Typical of Kansas, where the weather is often either “feast or famine,” conditions have gone from drought to flood warnings almost over night.
No, actually they have gone to flood warnings in the midst of a continuing drought, because what is the most common type of water danger in this area is not the sort of flooding that is seen on national TV with the Mississippi or other major rivers.
What threatens Kansas residents most commonly are the flash flooding scenarios and those can come and go so quickly that they can do all sorts of water damage, even as the area remains in the grip of a serious drought.
According to weather experts, street flooding is a serious issue in Kansas, and it is much more common than other forms of severe weather, state experts urge.
Any given community can go for years without getting hit with a tornado, or even with a thunderstorm powerful enough to cause damage. But flash flooding — street flooding — is just a matter of time, and it can create situations that are more dangerous than they seem, especially to those who aren’t educated about flooding dangers.
Flash flooding can turn difficult weather conditions into fatal traps in a matter of moments, so experts continue to warn drivers to watch out for quickly changing weather conditions during the Kansas severe storm season.
Flash flooding can accompany thunderstorms and it is often more deadly than more “significant” flooding.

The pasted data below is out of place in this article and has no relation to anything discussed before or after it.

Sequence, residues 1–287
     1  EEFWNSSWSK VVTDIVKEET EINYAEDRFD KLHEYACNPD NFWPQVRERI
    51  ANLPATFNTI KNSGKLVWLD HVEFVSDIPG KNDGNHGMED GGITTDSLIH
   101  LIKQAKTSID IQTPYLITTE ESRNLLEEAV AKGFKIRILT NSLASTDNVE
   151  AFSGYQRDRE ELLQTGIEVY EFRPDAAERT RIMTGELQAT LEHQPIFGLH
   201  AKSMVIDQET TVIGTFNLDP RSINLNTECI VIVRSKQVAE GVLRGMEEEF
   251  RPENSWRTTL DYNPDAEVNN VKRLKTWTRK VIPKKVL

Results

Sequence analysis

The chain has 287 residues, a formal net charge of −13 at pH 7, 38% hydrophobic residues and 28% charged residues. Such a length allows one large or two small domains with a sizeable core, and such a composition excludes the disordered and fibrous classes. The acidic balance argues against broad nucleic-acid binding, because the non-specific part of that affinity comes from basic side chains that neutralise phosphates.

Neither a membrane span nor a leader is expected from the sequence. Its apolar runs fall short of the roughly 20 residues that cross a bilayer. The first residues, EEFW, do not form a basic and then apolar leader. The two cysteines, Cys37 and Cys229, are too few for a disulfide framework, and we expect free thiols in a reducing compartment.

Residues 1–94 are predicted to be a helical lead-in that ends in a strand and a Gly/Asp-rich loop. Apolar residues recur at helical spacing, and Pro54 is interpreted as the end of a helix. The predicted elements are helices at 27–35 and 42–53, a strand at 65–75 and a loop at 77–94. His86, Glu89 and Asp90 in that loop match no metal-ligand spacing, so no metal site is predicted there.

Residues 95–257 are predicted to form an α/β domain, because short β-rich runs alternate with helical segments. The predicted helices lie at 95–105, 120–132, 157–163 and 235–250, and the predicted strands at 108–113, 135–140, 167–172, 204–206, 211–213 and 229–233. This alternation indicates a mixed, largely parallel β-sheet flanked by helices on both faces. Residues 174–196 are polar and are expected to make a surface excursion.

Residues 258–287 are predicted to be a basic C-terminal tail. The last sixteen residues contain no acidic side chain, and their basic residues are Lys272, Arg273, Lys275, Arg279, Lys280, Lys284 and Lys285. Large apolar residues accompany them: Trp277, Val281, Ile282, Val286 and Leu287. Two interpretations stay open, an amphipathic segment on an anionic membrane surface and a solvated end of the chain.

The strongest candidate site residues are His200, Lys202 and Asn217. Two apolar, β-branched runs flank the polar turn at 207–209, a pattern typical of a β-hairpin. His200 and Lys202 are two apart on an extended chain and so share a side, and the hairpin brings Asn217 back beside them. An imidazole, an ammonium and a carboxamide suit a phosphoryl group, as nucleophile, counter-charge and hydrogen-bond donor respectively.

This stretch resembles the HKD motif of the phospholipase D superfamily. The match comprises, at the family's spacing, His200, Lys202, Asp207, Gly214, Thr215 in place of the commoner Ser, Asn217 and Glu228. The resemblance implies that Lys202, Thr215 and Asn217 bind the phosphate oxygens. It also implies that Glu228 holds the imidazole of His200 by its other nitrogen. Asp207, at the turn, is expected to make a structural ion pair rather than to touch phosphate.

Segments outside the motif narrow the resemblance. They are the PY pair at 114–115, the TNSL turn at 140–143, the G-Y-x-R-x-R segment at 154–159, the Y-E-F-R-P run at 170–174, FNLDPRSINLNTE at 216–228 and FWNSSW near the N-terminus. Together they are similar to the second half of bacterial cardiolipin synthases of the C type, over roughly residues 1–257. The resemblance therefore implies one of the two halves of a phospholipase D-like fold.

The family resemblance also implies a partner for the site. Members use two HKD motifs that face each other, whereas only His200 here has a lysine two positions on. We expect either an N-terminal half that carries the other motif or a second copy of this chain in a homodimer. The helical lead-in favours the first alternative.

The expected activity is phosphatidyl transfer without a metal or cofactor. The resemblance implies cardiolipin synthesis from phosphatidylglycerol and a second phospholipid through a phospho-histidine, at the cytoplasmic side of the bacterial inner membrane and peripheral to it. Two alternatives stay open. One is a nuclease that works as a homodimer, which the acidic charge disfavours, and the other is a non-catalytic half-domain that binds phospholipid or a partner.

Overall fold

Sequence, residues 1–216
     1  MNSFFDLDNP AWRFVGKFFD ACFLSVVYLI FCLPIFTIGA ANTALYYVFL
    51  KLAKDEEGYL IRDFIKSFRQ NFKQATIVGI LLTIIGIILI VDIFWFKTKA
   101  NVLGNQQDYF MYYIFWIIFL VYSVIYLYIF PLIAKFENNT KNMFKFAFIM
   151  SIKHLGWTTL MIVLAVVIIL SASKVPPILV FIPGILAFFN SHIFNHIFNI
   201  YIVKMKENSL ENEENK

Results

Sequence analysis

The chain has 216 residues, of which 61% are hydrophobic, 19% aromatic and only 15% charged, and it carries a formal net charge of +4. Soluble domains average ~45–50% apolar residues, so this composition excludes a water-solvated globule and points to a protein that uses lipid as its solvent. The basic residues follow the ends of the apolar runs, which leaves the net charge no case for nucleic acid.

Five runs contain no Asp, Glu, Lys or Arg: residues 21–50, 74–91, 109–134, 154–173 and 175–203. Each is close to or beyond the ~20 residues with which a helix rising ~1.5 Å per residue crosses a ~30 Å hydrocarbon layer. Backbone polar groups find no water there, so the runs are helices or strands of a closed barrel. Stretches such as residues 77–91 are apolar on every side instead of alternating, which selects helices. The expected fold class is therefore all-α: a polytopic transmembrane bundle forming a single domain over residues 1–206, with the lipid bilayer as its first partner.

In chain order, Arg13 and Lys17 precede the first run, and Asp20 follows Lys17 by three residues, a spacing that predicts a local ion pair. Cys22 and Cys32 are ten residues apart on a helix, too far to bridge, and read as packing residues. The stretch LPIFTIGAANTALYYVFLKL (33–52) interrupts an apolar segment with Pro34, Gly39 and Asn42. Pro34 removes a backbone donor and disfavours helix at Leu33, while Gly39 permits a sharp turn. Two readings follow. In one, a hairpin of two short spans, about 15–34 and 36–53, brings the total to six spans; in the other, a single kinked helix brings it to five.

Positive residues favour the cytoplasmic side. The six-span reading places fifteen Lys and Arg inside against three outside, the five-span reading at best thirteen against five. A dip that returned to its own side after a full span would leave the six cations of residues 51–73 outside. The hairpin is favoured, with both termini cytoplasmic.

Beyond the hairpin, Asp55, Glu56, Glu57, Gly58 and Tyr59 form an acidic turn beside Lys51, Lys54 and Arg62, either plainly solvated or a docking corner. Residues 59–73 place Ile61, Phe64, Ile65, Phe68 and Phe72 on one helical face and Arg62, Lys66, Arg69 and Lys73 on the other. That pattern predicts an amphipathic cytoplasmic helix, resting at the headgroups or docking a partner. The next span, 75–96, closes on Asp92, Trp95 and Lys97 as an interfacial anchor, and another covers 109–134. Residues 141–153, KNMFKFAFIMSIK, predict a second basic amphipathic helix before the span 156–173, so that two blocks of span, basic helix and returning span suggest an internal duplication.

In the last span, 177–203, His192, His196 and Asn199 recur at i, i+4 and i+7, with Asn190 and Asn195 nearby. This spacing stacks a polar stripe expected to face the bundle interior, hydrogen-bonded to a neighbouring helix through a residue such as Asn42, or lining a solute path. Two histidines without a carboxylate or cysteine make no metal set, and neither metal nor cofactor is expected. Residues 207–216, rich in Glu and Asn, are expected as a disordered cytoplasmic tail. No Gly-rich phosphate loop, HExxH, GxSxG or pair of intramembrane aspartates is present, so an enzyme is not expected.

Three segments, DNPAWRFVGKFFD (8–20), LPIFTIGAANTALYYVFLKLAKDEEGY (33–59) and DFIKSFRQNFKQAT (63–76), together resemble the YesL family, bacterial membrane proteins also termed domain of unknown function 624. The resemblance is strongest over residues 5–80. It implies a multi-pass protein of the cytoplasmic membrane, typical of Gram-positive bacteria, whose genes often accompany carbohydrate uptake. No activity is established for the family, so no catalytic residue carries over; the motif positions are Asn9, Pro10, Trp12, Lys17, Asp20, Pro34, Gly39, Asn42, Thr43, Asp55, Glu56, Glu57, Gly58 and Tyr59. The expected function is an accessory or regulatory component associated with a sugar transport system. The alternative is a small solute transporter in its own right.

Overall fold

This area has seen flood-related deaths, and they happened in situations that most drivers would not have remembered as flooding. They happened in low-water, flash flood areas where people attempted to drive through water and were trapped in their vehicles as they filled with water.
And that doesn’t require a wall of water to stop a vehicle, either, experts warn. It only takes two feet of water to be swept off the road.
A good rule is to avoid water flowing over a roadway, and to never pass a barricade in flash flood conditions. The barricade is there for a reason, safety officials warn.
According to information from the Federal Emergency Management Agency, it is important that everyone be familiar with the terms that are used in flood hazards, including:
• Flood watch: Flooding is possible. Tune in to NOAA Weather Radio, commercial radio, or television for information.
• Flash flood watch: Flash flooding is possible. Be prepared to move to higher ground.
• Flood warning: Flooding is occurring or will occur soon; if advised to evacuate, do so immediately.
• Flash flood warning: A flash flood is occurring; seek higher ground on foot immediately
Also, according to FEMA information, conditions don’t have to be impressively dangerous to actually cause problems.
Some of the flooding information from FEMA includes:
• Six inches of water will reach the bottom of most passenger cars causing loss of control and possible stalling.
• A foot of water will float many vehicles.
• Two feet of rushing water can carry away most vehicles including sport utility vehicles and pick-ups.
The best advice, according to FEMA, is to stay out of moving water. Wait until the water has moved on to try to drive.